Thursday, November 08, 2007

Batting: That Stuff in my Quilt by Serena Smith of Embroidery Treasures

The "stuffing" of the quilt - batting - is the filler material placed between the quilt top and the backing. It provides warm the and loft, giving body and structure to the quilt. "Loft" refers to the thickness and weight of a batting. Each type of loft creates a different effect in the finished quilt and needs to be considered before selecting a batt for a quilt.

Cotton - A cotton batting gives a traditional look and is the most suitable for machine quilting. It is very easy to work with, as the cotton tends to "grab" fabric layers and requires minimal pinning and basting. Cotton batts "breathe" well; some people find polyester quilts too warm, preferring lighter weight cotton quilts.

Wool - Another natural fiber batting, wool was widely used in the past and is becoming more and more available as a filler for modern quilts. Quilts filled with wool provide excellent insulation, giving warmth without being heavy, and they retain their loft even after much wear.

Silk - Silk battings share some of the characteristics of other natural fiber battings, but are more difficult to find, expensive and are the least often used by quilters. However, silk batts are excellent for quilted clothing - they are lightweight, drape well and have natural insulation properties.

Polyester - Polyester battings come in a variety of thicknesses, from low loft batts used in machine quilting, to high loft batts ideal for use in comforters, tied quilts and other projects where volume is required. Readily available, polyester batts produce a "puffy" appearance. They tend to be slippery and may require extra pinning and basting to prevent shifting.

What's my favorite batting to use in quilts? I prefer to use a 100% cotton batting or a 80 cotton/ 20 poly blend. The 100% cotton will shrink some and will give your quilt an antique look to it because of the shrinkage. The blend has just enough poly to prevent the shrinkage and antique look, but also has the same feel as the 100% cotton. The cotton & cotton blend both have a lower loft, grab the fabric to hold it and is easier to stitch and quilt!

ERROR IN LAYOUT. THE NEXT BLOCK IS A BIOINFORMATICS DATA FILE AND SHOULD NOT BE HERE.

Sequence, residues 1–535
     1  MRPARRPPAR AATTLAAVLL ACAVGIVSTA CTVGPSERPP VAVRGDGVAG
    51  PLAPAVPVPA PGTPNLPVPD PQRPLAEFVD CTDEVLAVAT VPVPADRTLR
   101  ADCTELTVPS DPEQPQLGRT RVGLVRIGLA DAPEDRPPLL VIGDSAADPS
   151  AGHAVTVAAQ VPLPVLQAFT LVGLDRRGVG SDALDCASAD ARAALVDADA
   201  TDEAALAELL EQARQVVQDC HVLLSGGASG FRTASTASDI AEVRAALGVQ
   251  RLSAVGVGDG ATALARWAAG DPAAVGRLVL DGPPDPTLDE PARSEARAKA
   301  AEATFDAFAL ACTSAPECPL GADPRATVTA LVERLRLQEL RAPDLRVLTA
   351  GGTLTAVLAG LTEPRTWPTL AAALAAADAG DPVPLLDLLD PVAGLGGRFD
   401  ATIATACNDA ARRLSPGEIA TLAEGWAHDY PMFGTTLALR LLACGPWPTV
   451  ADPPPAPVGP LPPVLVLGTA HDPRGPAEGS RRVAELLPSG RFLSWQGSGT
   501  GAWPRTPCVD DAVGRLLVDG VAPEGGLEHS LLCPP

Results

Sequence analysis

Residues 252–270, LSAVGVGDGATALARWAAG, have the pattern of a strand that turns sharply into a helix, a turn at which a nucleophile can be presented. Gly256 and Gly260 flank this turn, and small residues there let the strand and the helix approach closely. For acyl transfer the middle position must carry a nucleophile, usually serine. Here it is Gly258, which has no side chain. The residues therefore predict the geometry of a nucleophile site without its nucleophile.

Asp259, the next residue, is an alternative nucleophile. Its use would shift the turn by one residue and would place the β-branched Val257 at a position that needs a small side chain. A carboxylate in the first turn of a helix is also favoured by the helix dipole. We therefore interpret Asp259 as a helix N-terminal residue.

If I am tying or stitching in a few random places on a quilt or project, I will use a poly batting. The poly has more loft to it, so it is a little tough to get through your sewing machine. Although, for puffy projects, it works great. Keep your scraps of poly batting and use it to stuff pillows, animals or other projects.

Serena Smith is an avid embroidery and quilting enthusiast living in Kansas. Creating new projects and sharing them with others through local classes and online lessons is one of her greatest joys. Visit her website, Embroidery Treasures, for fun projects, helpful tips, inspiration, notions, fabrics and embroidery supplies!

You may freely reprint this article on your website or in your newsletter provided the entire article, author's name, bio information and URL remain intact. Thank you! ©2007 Serena Smith Embroidery Treasures

Copyright ©2007 - All Rights Reserved - Written By Serena Smith. Serena is the owner of Embroidery Treasures

No comments:

Post a Comment